>> well, "dead wrong" is a strong expression; hopefully I'm still breathing. I
>> don't want to judge without having looked at the code myself, but I have no
>> idea how a massive multi-user system could possibly be designed with state
>> where per-user information is kept in memory for a certain time. I mean, 23
>> GB allocated - that's tough for an SAP transaction server that is not
>> mutlithreaded and where the memory management is highly optimized based on
>> shared memory that the work processes can attach to, or rolled out to a file
>> if unused for a whilet. It is, however, deadly for a VM that was never
>> designed for such memory consumption and where a GC run can halt the server.
>>
>> Anyway, I'll study this a bit more, particularely the Scala architecture. I
>> heard many good things about Scala, but in the end it's all translated to
>> things a VM can understand, and I hope Scala does a good enough job managing
>> this load in a transparent way.
>>
>> -Michael
>>
>>
>> ----- Original Message -----
>> From: David Pollak <feeder.of.the.bears@gmail.com>
>> To: esme-dev@incubator.apache.org <esme-dev@incubator.apache.org>
>> Sent: Wed Nov 25 23:00:20 2009
>> Subject: Re: Further analysis of the GC issue
>>
>> On Wed, Nov 25, 2009 at 7:16 PM, Bechauf, Michael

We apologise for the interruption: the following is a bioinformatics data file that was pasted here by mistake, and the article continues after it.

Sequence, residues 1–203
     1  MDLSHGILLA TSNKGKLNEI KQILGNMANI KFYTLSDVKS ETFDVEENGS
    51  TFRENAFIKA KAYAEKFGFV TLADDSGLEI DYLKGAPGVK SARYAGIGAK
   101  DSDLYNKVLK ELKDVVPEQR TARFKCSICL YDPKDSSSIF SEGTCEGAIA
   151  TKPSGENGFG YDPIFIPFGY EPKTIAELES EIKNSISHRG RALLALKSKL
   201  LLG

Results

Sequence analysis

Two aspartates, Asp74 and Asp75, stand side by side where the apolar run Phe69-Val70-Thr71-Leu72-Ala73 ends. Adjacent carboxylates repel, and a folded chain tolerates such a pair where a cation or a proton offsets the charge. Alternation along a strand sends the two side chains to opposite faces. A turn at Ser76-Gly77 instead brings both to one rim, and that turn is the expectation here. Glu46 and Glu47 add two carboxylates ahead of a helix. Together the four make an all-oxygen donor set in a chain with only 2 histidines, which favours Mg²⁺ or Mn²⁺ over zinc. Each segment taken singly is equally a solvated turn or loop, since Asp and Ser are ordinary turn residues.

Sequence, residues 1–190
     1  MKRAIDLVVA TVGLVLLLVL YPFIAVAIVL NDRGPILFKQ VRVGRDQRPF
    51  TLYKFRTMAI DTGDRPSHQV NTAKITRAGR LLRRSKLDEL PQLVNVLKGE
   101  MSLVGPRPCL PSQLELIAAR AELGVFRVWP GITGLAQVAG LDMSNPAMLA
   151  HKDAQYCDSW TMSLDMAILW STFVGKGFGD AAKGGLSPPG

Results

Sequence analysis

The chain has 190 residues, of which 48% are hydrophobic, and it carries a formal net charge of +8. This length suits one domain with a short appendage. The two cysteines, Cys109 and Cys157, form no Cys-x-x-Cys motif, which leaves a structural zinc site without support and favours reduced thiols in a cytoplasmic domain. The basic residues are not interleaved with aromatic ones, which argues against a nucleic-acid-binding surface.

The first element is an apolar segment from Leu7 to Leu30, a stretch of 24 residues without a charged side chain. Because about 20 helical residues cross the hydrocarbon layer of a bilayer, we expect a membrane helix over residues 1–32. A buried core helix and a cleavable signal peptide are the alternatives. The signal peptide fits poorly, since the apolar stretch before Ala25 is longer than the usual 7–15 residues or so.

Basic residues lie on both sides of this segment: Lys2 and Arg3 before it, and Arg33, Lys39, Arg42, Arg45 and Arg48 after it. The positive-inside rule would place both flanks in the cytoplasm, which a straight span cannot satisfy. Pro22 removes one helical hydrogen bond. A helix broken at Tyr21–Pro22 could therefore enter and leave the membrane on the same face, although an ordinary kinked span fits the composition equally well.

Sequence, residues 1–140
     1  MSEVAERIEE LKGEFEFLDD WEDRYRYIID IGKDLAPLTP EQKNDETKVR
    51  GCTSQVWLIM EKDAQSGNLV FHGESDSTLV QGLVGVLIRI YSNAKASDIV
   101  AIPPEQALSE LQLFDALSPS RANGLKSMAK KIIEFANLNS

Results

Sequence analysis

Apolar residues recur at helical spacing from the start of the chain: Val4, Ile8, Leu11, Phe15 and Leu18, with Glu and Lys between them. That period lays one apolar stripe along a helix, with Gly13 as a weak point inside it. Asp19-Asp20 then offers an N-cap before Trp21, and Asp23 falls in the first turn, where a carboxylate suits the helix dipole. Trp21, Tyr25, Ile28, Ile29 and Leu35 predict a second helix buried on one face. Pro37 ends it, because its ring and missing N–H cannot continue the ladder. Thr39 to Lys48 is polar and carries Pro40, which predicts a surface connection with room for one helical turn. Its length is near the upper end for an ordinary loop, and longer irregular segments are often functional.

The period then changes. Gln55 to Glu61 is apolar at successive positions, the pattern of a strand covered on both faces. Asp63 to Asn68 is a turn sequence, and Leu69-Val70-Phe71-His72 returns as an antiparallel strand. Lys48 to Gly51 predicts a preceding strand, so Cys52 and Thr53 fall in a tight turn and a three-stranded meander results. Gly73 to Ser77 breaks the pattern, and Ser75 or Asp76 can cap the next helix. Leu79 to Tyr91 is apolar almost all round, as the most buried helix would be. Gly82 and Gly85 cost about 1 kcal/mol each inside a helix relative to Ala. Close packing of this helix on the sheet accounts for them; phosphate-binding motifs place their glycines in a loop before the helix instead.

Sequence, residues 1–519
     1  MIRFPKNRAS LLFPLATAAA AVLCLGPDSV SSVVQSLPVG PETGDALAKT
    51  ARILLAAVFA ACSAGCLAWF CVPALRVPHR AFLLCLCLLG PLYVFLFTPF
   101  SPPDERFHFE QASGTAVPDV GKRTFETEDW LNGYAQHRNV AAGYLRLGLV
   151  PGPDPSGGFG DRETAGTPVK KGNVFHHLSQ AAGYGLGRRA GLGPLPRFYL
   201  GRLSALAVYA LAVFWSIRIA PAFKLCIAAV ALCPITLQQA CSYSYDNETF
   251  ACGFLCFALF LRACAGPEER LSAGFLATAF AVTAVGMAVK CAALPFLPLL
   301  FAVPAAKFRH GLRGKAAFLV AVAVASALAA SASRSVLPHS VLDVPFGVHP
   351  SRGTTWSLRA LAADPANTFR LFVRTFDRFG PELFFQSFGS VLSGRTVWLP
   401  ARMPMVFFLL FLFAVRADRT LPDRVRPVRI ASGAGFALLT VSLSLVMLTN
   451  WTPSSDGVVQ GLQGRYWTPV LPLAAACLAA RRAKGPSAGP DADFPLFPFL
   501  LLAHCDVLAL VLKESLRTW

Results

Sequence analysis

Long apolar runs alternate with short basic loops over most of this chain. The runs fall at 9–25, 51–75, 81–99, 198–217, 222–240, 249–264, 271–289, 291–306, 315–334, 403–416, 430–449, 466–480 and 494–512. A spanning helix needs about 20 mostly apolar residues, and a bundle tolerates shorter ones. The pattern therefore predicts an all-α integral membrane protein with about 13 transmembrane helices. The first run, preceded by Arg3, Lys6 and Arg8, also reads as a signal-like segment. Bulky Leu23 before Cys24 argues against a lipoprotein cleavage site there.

>> <michael.bechauf@sap.com>wrote:
>>
>> > Wasn't this exactly the kind of stuff that the Eclipse Memory Analyzer -
>> > donated by SAP - was supposed to fix ? A heap of that size for a still
>> > moderate number of 300 users is crazy, so either there is stuff like
>> > circular references that hog memory, or the design model is fundamentally
>> > flawed. I don't understand why ESME needs "sessions" ? How can a
>> scaleable
>> > server be created if each user will allocate memory until some timeout.
>> In a
>> > world of stateless browser-based UIs that's not going to work.
>> >
>>
>> You're actually dead wrong about this.  "Stateless" is not... it's just
>> pushing state and cache someplace else (the RDBMS, memcached, etc.).
>> "Stateless" will lead to radical performance problems.  "Stateless" merely
>> moves the caching decisions into code you don't control.  I dealt with this
>> issue first-hand while helping a popular micro-blogging site migrate from a
>> "stateless" to a Scala-based backend.  I'm dealing with this issue
>> first-hand helping another popular site that's experiencing exponential
>> growth migrate away from "push everything back to the RDBMS and hope for
>> the
>> best."
>>
>> My original design for ESME is stateful.  My original design for ESME is
>> based on lessoned learned in this very space and was oriented to have
>> things
>> intelligently cached so that the caching is not based on RDBMS indexes.
>>  I'm